But so we put that up in there and everyone was like "Oh my God! A PANDA RACE? That's kind of cool!" And I'm like "Are you kidding me, really? You want to see pandas in Warcraft III or whatever?" So, we made like a whole fake April Fools page with different units and all that and people, you know – we thought people would be like "NO WAY!" – and everyone actually liked it and when they found out it was an April Fools joke they were like "Aw, that sucks." So we've kind of just dropped little bits of panda stuff. Like I do that all the time in my pictures. I'll hide a picture of a panda face. Like it was on Illidan's blades, back in the day, just put it on there. See if anyone noticed. And they did. Good job, guys. Two points. And ever since then it's just been kind of a thing. We're like "Oh, you're the panda guy."
Due to the overwhelming popularity of the April Fools joke, Chris Metzen began actually writing the pandaren into Blizzard lore and including them in Warcraft III -- to a degree. The first "real" pandaren was introduced in the bonus campaign "The Founding of Durotar," in which players played as Rexxar prior to his rise as Champion of the Horde. During a series of adventures, Rexxar stumbled across Chen Stormstout, a pandaren brewmaster whose travels had brought him to Durotar. After asking for and receiving Rexxar's help retrieving ingredients for a new brew, Chen decided to stay awhile and help Rexxar, in an effort to better appreciate the beautiful, rugged land he had found himself in.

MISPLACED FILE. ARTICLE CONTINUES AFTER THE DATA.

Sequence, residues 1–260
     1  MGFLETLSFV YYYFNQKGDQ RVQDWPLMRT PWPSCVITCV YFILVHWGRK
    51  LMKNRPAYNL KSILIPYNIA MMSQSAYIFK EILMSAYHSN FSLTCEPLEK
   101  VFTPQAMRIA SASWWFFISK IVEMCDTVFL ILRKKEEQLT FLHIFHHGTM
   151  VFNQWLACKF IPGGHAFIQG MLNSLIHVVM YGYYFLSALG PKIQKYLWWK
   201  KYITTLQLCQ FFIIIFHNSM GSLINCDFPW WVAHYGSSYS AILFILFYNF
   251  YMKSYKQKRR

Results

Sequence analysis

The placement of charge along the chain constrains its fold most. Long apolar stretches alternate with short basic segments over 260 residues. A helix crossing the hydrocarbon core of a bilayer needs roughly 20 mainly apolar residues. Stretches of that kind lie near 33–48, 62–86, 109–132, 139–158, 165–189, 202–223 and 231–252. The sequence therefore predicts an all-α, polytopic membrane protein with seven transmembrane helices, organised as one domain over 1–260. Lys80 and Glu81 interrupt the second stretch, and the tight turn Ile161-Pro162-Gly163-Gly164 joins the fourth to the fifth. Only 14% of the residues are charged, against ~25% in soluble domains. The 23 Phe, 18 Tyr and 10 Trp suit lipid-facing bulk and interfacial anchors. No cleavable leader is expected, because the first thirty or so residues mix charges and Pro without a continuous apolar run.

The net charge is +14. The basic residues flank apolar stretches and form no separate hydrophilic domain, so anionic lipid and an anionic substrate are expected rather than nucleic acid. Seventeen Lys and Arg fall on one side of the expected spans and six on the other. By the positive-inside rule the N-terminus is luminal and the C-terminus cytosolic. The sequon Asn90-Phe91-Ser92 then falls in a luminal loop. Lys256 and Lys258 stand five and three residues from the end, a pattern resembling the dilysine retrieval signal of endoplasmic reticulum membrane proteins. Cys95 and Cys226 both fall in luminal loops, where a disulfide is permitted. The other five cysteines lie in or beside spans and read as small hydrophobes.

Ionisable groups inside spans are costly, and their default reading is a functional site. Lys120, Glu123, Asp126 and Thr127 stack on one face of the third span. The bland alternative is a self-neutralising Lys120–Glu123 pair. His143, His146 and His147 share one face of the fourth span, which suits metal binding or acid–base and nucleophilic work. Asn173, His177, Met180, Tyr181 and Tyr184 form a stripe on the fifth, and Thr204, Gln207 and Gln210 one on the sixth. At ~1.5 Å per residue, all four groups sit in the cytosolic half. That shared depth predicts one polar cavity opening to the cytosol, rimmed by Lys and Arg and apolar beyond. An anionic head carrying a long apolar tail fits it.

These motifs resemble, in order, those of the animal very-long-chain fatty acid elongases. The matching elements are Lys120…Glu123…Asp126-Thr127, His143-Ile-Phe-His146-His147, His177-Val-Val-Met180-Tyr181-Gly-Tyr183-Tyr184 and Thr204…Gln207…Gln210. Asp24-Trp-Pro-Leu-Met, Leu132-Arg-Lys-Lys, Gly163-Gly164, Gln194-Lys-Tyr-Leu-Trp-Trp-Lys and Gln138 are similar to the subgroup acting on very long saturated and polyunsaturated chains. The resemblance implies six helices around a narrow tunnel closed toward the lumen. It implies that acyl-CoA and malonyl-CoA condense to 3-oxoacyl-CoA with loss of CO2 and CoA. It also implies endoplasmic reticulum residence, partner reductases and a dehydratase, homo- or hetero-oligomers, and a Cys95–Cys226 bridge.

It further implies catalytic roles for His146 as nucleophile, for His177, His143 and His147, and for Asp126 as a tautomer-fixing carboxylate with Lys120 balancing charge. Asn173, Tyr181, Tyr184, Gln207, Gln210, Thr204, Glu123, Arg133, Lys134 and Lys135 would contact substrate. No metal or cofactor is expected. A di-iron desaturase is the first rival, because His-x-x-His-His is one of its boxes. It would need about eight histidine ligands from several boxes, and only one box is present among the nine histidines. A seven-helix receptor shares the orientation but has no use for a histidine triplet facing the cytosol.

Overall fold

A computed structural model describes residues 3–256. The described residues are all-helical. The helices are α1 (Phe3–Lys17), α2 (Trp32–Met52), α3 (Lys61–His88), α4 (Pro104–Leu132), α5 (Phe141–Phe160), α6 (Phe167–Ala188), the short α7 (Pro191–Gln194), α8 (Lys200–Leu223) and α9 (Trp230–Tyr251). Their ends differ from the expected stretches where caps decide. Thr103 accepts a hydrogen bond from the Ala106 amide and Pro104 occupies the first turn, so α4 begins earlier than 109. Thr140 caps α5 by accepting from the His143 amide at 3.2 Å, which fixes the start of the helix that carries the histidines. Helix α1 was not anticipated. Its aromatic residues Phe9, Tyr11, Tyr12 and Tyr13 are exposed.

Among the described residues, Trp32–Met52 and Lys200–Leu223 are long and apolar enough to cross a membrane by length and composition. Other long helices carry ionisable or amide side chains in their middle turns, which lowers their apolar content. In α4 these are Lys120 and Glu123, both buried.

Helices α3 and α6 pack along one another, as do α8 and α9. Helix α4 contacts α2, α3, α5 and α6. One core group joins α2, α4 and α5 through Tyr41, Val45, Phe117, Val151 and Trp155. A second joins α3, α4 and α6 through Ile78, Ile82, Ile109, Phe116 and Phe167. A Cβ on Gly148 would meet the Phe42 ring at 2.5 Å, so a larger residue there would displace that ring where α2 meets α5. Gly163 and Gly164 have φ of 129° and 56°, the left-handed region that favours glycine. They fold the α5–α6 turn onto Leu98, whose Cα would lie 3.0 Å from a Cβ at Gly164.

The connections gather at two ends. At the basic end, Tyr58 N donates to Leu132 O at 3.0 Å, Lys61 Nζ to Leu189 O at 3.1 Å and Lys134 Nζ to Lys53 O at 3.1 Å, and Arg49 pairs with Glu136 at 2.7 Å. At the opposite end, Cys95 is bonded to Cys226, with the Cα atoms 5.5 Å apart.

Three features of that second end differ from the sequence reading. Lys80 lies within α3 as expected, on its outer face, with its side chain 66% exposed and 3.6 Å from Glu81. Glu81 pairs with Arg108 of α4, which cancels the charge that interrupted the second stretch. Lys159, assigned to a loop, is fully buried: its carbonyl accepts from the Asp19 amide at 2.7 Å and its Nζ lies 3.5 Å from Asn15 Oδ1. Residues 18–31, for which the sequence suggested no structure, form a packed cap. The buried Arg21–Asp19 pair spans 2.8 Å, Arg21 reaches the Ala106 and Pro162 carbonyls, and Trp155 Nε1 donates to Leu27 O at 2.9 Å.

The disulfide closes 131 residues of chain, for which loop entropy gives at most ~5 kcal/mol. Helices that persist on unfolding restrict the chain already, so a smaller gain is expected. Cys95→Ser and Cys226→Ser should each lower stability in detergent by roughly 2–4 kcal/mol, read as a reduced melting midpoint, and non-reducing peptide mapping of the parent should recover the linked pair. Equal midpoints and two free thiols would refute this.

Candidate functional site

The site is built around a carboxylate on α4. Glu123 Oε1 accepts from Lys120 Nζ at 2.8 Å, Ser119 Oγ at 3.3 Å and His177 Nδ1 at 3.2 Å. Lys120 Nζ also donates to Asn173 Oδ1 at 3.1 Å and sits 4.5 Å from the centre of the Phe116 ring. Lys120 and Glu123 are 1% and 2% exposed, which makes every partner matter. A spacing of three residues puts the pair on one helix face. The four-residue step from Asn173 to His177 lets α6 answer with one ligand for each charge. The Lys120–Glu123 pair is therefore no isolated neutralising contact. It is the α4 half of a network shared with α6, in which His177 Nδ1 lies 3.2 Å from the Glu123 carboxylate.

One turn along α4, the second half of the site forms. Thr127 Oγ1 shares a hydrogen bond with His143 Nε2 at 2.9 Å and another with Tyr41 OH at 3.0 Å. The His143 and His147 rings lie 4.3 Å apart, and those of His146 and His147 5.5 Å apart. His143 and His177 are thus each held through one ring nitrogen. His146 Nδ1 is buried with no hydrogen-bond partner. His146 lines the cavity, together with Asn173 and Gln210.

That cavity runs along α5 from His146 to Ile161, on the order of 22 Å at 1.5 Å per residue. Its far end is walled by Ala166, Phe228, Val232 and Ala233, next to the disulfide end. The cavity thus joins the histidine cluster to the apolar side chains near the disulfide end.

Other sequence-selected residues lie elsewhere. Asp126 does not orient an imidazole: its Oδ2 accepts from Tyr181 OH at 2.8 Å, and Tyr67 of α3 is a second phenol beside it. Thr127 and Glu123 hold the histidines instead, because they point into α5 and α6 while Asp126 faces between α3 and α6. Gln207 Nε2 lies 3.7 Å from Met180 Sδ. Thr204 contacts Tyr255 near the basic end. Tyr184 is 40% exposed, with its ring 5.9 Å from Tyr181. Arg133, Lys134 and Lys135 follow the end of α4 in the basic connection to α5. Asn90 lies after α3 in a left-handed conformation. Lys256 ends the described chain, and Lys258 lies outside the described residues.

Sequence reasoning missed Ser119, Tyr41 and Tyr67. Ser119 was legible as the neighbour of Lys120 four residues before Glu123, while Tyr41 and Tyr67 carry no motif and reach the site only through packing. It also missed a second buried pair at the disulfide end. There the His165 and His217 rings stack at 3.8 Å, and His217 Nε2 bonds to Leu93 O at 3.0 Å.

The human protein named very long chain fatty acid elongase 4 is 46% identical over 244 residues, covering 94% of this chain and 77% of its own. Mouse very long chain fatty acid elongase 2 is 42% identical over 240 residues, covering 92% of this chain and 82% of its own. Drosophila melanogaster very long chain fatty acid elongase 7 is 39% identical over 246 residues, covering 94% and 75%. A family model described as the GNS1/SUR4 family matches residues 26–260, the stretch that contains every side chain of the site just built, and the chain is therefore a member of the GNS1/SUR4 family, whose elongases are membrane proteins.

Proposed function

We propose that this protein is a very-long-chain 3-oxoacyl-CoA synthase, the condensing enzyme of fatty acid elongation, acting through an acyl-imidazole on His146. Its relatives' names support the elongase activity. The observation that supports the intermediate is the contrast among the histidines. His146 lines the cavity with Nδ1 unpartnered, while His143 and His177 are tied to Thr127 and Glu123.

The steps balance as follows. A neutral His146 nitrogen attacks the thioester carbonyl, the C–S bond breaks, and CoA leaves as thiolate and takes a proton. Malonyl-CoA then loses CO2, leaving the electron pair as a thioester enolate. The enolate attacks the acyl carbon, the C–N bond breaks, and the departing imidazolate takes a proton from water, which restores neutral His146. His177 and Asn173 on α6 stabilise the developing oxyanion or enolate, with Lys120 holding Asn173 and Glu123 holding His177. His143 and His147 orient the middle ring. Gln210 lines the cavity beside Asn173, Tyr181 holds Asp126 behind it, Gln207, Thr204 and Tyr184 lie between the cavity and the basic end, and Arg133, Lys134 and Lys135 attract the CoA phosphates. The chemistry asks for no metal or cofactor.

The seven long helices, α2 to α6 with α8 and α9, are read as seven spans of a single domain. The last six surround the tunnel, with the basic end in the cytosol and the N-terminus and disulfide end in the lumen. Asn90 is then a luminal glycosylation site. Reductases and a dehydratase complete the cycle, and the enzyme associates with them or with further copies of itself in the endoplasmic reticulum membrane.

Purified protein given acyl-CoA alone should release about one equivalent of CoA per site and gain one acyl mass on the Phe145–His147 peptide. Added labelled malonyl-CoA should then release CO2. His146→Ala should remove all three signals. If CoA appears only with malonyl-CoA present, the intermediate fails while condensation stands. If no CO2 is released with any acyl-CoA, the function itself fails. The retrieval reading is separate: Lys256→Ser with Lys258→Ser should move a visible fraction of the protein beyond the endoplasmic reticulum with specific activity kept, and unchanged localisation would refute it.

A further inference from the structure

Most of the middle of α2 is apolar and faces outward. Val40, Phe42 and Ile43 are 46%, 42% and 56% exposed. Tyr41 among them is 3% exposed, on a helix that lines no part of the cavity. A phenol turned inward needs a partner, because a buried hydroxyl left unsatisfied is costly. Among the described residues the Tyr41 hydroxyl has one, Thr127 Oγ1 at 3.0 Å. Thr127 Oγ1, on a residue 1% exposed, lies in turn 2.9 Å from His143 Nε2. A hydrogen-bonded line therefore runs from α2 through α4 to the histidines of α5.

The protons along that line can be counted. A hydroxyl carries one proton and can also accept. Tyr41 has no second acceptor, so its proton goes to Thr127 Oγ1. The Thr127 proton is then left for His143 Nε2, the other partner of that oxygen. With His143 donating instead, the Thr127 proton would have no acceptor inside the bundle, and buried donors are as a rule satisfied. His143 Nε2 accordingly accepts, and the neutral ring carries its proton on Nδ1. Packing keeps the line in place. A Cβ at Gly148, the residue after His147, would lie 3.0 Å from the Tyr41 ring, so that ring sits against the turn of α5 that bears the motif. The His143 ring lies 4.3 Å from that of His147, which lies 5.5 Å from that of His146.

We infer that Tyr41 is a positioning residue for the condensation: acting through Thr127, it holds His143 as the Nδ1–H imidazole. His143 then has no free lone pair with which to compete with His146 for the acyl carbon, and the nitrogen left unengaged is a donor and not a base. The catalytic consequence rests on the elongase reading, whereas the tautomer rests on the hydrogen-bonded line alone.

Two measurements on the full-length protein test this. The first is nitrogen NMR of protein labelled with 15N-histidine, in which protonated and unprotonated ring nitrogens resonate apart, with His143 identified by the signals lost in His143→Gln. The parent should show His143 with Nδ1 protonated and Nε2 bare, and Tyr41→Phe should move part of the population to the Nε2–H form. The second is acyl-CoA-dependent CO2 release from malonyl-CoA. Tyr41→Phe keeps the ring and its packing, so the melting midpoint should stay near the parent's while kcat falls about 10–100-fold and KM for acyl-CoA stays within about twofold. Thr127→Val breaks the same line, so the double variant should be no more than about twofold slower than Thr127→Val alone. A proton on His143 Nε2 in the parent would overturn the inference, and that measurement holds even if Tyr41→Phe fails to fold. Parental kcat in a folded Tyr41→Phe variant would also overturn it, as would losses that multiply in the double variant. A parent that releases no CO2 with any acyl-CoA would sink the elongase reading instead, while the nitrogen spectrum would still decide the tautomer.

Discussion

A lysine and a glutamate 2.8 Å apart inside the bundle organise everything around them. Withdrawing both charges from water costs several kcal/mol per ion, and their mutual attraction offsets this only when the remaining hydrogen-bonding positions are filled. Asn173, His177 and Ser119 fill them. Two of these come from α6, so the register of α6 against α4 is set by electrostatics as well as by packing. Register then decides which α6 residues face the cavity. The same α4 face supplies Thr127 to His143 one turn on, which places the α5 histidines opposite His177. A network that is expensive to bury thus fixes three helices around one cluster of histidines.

As far as Chen and the rest of the pandaren's origins, they are largely explained in the Warcraft RPG books. The pandaren race dates all the way back prior to the Sundering that split Azeroth into the continents we see in game today. Originally from the central part of Kalimdor, the pandaren were actually allies of the night elves. However, the night elves' obsession with magic and the Well of Eternity caused the Pandaren Empire to sever ties and leave Kalimdor behind entirely. The race traveled to a remote island and established a new home, calling the island Pandaria. After the Sundering, a few pandaren returned to the newly shattered continent of Kalimdor to explore it, but by and large, most pandaren remain on the as-yet undiscovered isle of Pandaria.
As for the maps in World of Warcraft, Pandaria simply doesn't exist; however, the absence of the island shouldn't be taken as proof that the pandaren themselves don't exist, either. It could be simply that the island has never been discovered by explorers of any of the other Azeroth races and so hasn't been noted on any maps to date. As far as the validity of the pandaren races' existence, there are more than enough clues in World of Warcraft to suggest the race is present, even if the pandaren and their island remain undiscovered.
Chen's Empty Keg